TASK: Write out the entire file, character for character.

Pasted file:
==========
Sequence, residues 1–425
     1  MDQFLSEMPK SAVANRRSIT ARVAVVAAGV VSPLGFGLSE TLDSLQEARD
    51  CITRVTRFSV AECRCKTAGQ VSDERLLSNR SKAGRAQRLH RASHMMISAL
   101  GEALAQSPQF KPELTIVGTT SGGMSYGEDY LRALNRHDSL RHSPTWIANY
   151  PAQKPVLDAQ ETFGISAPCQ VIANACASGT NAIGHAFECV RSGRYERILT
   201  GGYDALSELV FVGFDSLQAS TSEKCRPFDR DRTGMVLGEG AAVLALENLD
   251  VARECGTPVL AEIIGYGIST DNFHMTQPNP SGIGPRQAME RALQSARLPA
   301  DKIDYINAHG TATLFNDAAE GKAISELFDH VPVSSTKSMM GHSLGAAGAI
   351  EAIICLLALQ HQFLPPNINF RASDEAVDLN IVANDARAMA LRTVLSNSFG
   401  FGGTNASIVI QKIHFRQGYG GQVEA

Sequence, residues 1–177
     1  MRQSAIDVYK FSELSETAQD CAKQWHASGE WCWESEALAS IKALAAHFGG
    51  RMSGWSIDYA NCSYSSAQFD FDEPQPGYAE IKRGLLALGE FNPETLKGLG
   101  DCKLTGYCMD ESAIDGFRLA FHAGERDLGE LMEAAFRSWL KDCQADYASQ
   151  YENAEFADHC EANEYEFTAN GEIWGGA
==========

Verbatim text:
Sequence, residues 1–425
     1  MDQFLSEMPK SAVANRRSIT ARVAVVAAGV VSPLGFGLSE TLDSLQEARD
    51  CITRVTRFSV AECRCKTAGQ VSDERLLSNR SKAGRAQRLH RASHMMISAL
   101  GEALAQSPQF KPELTIVGTT SGGMSYGEDY LRALNRHDSL RHSPTWIANY
   151  PAQKPVLDAQ ETFGISAPCQ VIANACASGT NAIGHAFECV RSGRYERILT
   201  GGYDALSELV FVGFDSLQAS TSEKCRPFDR DRTGMVLGEG AAVLALENLD
   251  VARECGTPVL AEIIGYGIST DNFHMTQPNP SGIGPRQAME RALQSARLPA
   301  DKIDYINAHG TATLFNDAAE GKAISELFDH VPVSSTKSMM GHSLGAAGAI
   351  EAIICLLALQ HQFLPPNINF RASDEAVDLN IVANDARAMA LRTVLSNSFG
   401  FGGTNASIVI QKIHFRQGYG GQVEA

Sequence, residues 1–177
     1  MRQSAIDVYK FSELSETAQD CAKQWHASGE WCWESEALAS IKALAAHFGG
    51  RMSGWSIDYA NCSYSSAQFD FDEPQPGYAE IKRGLLALGE FNPETLKGLG
   101  DCKLTGYCMD ESAIDGFRLA FHAGERDLGE LMEAAFRSWL KDCQADYASQ
   151  YENAEFADHC EANEYEFTAN GEIWGGA